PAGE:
Why am I so excited about this? It's not the first short story I have had published, nor is it the first one where the other people involved chose me totally on the merits of the story, not on friendship, or involvement in the project.
I have not have hundreds of stories published, but I am satisfied with my progress. I have enough credentials to serve on panels at conferences, appear at writers' events and have a bunch of friends who are writers.
I had submitted previously to this publisher and been rejected. If I haven't learned anything else about writing I have learned that rejection is par for the course. I have a drawer full of rejection slips from the time when they still came in the mail. Now I have a file on my computer.
I was thinking of myself as a successful writer when I submitted "The Devil's Quote" to Darkhouse Books. Once I submit a manuscript I list it on my work file and forget I sent it.
I started work on two new stores. One was for my own fun, the other was for a particular anthology. One is now out there waiting for someone to judge it. The other isn't ready to go yet.
I don’t even remember how I found out that this story had been accepted. Must have been an e-mail from the editor Andrew Macrae. Contracts signed, the story came back for a few edits. My philosophe on edits is that I will make all the changes an editor requests unless I feel strongly enough about the change to be willing to pull the story if the editor disagrees.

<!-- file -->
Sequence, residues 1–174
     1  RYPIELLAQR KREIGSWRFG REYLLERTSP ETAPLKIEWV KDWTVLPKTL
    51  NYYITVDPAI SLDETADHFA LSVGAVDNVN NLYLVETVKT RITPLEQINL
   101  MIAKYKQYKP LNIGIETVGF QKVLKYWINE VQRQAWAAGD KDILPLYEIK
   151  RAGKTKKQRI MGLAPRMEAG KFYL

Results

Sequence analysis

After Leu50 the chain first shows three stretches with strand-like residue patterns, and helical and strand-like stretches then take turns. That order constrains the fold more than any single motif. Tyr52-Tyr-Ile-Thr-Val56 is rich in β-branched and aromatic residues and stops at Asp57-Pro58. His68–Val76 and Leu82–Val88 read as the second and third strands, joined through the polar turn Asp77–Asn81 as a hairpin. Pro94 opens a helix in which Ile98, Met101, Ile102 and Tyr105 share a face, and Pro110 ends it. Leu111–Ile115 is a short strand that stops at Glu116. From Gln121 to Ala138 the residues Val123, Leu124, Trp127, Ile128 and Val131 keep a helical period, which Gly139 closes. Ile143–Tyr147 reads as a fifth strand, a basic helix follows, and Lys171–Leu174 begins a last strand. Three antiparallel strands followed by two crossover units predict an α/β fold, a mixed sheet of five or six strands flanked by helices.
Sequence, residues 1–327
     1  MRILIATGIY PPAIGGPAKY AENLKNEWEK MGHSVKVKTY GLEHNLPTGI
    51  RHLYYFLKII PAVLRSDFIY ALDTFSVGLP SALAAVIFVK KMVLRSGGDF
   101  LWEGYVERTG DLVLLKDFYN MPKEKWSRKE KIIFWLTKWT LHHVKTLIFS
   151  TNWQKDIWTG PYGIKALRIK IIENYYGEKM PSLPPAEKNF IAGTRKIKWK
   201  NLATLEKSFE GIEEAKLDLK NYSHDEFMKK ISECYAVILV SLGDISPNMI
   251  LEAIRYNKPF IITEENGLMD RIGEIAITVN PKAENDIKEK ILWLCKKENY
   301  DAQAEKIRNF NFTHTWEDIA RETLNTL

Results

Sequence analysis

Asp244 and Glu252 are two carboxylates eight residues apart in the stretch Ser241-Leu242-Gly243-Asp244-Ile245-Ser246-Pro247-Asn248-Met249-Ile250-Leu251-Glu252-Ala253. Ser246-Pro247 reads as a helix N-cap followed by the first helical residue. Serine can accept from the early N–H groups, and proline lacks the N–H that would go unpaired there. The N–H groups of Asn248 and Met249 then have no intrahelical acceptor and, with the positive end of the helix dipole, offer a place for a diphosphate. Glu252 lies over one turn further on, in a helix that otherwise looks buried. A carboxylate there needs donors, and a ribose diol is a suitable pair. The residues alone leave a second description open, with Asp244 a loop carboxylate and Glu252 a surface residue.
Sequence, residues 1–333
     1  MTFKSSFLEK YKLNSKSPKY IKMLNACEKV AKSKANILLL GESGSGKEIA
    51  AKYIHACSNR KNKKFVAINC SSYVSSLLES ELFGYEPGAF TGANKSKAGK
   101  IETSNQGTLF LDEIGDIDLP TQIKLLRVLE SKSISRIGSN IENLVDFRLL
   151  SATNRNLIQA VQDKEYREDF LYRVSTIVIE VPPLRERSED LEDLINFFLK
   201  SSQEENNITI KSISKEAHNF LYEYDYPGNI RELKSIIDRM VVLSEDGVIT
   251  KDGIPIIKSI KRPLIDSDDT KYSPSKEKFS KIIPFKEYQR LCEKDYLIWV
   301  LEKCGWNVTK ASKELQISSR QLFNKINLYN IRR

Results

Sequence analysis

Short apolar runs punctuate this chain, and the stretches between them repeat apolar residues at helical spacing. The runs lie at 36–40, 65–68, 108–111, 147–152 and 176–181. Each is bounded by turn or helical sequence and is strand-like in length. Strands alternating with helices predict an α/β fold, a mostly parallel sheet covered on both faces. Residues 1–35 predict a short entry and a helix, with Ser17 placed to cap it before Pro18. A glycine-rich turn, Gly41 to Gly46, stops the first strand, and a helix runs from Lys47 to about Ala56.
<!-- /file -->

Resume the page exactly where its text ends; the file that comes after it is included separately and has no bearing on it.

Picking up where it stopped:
Two edits I have refused to make on previous stories:
The murderer hid behind a bush, and I was asked to change "bush" to "shrub". I made all the other changes but said the connotation of "shrub" is that it is something too small to hide behind. I was willing to find another word if she wanted me to. "Bush" it was.
The other was in a work set in the 1880s in which I used the word "policeman". “What about policewomen?” asked the editor. The Washington police force was not going to start hiring women for another five years. Since I could prove I was right, the editor backed down. I have a reputation for getting the historical stuff right.
Then the cover was in my email one morning. I fell in love. I have seen so many crummy covers lately that I was not expecting much. But this one was perfect.
The time between the cover reveal and having a book in hand was unbearable. I felt the way most writers say they feel between the time they send out a manuscript and the time they hear back with either rejection or acceptance.
If you are thinking about submitting for the first time consider these tips:
- Send the best manuscript you can. Follow the guidelines. Don't send more than is requested. No notes from you mother or your dog saying how great the story is. This is a business transaction, so be businesslike.
- Before you get back a rejection, know where you are going to send the manuscript next. Do so at once.
- If you are submitting something and it comes back with edits requested, think carefully about refusing to make the changes the editor requests. Editors are smart and knowledgeable. They know how to make a story better, and fit it to the readers.